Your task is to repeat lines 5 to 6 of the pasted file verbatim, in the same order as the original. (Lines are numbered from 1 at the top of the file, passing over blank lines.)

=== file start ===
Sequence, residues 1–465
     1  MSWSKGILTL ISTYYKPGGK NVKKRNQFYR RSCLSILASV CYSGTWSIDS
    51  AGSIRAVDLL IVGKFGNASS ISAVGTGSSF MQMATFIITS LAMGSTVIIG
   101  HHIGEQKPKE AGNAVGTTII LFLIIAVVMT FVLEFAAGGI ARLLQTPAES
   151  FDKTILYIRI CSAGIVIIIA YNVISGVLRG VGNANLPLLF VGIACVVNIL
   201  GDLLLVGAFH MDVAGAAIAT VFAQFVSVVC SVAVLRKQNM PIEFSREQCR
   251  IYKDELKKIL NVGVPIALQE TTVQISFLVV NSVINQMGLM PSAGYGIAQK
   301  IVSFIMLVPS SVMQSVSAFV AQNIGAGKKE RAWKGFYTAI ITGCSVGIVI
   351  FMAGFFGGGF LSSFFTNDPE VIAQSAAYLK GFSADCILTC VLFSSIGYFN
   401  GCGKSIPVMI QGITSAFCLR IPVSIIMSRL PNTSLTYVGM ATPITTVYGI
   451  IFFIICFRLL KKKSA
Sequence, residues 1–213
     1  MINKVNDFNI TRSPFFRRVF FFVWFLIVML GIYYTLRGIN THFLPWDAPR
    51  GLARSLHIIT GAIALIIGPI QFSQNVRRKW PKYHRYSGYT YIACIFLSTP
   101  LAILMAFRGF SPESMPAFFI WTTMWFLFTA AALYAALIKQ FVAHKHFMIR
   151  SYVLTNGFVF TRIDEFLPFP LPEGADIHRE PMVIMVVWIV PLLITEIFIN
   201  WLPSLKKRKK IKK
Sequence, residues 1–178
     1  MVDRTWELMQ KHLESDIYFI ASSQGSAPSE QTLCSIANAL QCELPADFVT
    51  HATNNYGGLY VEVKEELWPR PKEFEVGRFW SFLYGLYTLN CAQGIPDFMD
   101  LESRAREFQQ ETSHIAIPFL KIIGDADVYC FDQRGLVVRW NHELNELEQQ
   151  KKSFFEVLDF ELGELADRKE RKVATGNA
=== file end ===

   151  FDKTILYIRI CSAGIVIIIA YNVISGVLRG VGNANLPLLF VGIACVVNIL
   201  GDLLLVGAFH MDVAGAAIAT VFAQFVSVVC SVAVLRKQNM PIEFSREQCR